To help with this, we’ve put together a Holiday planning guide that can help you plan ahead, set your intentions, and make sure your expectations set you up for success. You can download that guide here.
But intentions and expectations aren’t everything. They help, of course. But we all know that actionable and straightforward tips can help just as well. So let’s get to 10 of our favorite tips to skip the unwanted weight gain this year.
1. Load up on vegetables
Vegetables fill us up because they’re a low-calorie and high volume food, meaning they take up room in our stomach without a bunch of calories. Prioritizing vegetables at a holiday get-together or before a big meal is a simple way to make sure that you get fuller more quickly, which can help you stay on track later on.
2. Use your hands to track portions
We’re big fans of tracking and monitoring, but we also don’t think you should feel like you’ve got to bring a food scale to your holiday meals. Instead, rely on your hands to keep your portions in check. The chart below from WeightWatchers is just one of many out there that can serve as a helpful guide.
3. Set boundaries around alcohol
Don’t be afraid to set a drink limit for yourself, pick days you will and won’t drink, or some other boundary. Alcohol is a big culprit when it comes to gaining weight this time of year because it can lead to more cravings and impaired decision making. Oh, and we often forget that alcohol has calories as well!
4. Don’t show up with an empty stomach
What tends to happen when we’re starving? We eat much more! When you know that you’re going to have a holiday meal, plan ahead of time by filling up on a meal that you can feel great about ahead of time. That way you’re less likely to overeat later on.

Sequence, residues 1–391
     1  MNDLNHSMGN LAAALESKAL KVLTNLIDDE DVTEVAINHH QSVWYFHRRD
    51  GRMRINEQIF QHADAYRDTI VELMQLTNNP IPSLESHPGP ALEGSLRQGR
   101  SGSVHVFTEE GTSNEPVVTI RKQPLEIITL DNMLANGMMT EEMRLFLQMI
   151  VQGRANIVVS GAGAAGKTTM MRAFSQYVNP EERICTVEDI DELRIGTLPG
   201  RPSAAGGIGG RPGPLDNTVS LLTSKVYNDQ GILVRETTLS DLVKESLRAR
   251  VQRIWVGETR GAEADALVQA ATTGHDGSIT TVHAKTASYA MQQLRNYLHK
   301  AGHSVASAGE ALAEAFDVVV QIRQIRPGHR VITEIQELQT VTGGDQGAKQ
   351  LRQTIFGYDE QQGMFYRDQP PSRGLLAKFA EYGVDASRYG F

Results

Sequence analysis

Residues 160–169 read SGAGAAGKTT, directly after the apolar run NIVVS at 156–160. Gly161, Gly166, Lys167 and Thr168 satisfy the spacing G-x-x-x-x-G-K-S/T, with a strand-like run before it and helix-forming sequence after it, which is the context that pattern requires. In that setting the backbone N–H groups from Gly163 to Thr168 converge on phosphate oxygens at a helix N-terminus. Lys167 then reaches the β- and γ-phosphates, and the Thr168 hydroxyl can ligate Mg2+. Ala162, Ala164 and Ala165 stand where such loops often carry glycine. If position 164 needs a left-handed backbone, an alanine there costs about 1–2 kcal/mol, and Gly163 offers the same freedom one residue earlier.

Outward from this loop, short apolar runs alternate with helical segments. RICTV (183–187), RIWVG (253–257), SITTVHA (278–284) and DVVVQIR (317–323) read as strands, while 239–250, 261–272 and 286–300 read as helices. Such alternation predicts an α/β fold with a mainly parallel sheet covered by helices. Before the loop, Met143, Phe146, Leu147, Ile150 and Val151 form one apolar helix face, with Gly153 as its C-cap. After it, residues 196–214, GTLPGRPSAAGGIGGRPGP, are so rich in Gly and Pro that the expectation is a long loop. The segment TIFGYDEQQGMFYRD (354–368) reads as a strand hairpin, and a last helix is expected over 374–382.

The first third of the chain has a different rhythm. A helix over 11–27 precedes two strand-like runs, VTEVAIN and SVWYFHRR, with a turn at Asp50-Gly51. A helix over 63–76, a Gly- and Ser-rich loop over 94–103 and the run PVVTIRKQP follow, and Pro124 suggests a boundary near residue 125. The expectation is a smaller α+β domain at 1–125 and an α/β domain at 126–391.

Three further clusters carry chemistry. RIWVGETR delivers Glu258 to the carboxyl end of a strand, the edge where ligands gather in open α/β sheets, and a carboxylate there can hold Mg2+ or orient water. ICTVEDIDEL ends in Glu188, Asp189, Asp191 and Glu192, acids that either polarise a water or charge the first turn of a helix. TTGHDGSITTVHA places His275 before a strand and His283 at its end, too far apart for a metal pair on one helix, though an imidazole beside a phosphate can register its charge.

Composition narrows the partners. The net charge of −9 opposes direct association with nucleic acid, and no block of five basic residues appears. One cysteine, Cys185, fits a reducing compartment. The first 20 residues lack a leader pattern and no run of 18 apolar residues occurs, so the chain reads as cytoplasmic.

5. Have some non-negotiable healthy behaviors
Walk 10,000 steps a day. If you’re working out regularly, stick to that program. Drink plenty of water daily. Whatever your behaviors are is up to you. What’s important is that you prioritize healthy behaviors outside of food and the scale to help you feel your best.
6. Food on your plate vs. grazing
When we have food on our plate, it’s far easier to control how much we’re eating vs. when we graze from the platters of tasty snack food. Our brains have a tougher time registering how full we are when we’re constantly grazing vs. eating a plate full of food. So even you plan to indulge, do it by eating off your plate.
Sleeping well is a true superpower. Being well-rested reduces hunger, reduces stress, and can help influence you to make better choices on a regular basis. Lean on the power of sleep this year and let it help you manage your decisions.
8. There will always be more food
One of the biggest ways we tend to get ourselves in trouble around the holidays is we fall victim to the idea that this is a special day and a special meal. Because we feel it’s so special, we just have to eat everything in front of us. But remember, the holiday season tends to come with quite a bit of food and opportunities to eat that food! You don’t have to eat past the point of being full just because there’s food around.
9. Make it fun!
Eating a great meal with family and feeling great the next day is fun! Compare that to eating too much and getting uncomfortably full? Not quite so much. This is a great time of year to prioritize the fun of playing games, spending time together, and making memories with family. Those will be the things we remember years from now. Not the third cookie we went back for.
10. Be kind to yourself
The holiday seasons have their ups and downs. If you make a mistake or go off track, don’t beat yourself up. These things happen! Nobody expects you to be perfect this time of year. One day doesn’t have a major impact unless that day turns into one week, which then turns into eating with reckless abandon the whole holiday season.
There you have it. Download the holiday guide. Set your intentions. Follow our 10 tips. And most importantly: have a happy holiday season, SU’ers!